Scientists from the University of Basel have developed nanoparticles that have the potential to serve as contrast agents for magnetic resonance imaging.
In comparison to the actual contrast agents, these new nanoparticles produce around ten times more contrast and are responsive to particular environments. The results have been published in the journal Chemical Communications.
Imaging tissues obtained through magnetic resonance imaging (MRI) is improved by contrast agents. The identification of structural details in the body is majorly enhanced by contrast agents, and the current substances develop insufficient contrast for the identification of diseases in its early stages.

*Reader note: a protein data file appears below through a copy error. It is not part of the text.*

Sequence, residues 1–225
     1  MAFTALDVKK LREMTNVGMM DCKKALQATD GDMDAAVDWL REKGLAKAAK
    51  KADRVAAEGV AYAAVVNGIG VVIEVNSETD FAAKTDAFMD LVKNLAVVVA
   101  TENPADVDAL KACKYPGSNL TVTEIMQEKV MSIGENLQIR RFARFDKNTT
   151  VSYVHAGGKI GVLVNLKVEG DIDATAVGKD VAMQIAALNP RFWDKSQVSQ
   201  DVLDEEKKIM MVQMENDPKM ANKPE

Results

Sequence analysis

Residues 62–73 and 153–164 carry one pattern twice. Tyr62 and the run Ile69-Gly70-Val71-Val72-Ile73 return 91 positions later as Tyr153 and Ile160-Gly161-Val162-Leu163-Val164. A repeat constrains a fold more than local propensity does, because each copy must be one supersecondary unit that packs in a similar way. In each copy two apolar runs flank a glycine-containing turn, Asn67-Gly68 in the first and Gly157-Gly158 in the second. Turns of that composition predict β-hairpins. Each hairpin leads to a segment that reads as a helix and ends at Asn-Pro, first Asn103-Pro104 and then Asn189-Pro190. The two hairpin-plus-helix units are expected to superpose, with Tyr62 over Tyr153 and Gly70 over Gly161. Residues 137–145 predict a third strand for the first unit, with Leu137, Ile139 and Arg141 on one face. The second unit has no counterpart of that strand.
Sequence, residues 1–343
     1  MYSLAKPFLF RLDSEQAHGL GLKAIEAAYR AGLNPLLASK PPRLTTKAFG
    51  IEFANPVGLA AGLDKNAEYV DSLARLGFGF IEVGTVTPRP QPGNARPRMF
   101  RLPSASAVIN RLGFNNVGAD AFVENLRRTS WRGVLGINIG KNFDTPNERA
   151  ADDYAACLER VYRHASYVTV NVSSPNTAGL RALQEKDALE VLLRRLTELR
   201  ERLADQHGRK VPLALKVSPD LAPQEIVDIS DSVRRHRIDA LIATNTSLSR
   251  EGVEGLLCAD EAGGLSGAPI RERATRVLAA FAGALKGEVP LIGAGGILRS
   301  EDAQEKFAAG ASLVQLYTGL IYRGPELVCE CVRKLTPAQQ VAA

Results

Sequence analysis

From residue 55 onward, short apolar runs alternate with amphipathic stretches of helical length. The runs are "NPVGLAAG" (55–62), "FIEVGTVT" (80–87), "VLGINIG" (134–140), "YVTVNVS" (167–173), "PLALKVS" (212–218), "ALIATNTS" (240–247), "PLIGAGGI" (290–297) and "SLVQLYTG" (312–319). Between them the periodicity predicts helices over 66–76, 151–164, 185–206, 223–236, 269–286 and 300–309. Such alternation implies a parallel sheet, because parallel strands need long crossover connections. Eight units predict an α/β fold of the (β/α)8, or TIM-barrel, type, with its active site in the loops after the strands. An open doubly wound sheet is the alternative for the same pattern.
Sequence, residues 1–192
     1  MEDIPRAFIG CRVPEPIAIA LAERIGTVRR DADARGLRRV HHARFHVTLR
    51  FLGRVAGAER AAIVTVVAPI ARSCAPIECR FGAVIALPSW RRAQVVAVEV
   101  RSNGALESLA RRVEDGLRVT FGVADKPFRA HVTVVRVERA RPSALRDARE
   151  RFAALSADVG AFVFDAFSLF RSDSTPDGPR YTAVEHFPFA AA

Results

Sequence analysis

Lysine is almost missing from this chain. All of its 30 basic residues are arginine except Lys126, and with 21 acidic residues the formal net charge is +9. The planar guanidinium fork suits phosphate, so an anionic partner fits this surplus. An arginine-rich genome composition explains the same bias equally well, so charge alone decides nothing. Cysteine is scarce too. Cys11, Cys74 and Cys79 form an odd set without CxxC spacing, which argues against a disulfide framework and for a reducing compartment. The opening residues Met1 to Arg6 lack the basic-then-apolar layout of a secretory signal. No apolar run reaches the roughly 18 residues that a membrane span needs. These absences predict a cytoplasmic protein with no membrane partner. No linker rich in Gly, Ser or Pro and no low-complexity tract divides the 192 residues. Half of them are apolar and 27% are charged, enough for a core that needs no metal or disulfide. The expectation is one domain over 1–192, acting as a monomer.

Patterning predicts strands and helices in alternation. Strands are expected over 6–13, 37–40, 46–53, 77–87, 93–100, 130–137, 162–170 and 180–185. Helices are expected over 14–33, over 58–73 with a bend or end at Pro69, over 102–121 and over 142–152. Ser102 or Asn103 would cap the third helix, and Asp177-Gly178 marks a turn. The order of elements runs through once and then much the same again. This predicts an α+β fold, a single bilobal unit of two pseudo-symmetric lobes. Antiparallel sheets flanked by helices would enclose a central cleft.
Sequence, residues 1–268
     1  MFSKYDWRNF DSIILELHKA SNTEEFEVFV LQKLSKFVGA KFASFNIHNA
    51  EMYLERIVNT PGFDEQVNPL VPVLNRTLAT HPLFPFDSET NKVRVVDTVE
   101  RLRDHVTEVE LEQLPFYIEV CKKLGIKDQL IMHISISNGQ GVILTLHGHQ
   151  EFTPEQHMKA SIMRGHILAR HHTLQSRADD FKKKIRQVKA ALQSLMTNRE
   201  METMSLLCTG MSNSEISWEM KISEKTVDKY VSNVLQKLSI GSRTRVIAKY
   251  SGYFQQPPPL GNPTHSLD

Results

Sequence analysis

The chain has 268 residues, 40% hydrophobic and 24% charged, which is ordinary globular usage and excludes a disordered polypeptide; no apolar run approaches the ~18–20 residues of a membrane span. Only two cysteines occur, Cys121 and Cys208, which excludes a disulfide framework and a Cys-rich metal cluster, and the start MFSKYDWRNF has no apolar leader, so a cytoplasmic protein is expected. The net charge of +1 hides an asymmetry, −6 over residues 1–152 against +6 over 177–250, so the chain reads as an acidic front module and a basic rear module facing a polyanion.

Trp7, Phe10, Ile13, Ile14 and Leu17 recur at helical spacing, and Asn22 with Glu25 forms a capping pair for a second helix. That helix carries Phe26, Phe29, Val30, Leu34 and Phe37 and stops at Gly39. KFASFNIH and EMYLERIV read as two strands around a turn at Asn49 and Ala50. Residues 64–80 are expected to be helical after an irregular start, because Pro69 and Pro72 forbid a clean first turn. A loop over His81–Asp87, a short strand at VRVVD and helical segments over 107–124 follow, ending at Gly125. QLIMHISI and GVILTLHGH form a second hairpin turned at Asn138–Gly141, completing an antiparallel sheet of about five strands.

The existing contrast agents are not capable of sensing their biochemical environments and this is considered to be another limitation. Researchers from the Department of Chemistry at the University of Basel have created nanoparticles capable of serving as “smart” contrast agents for MRI.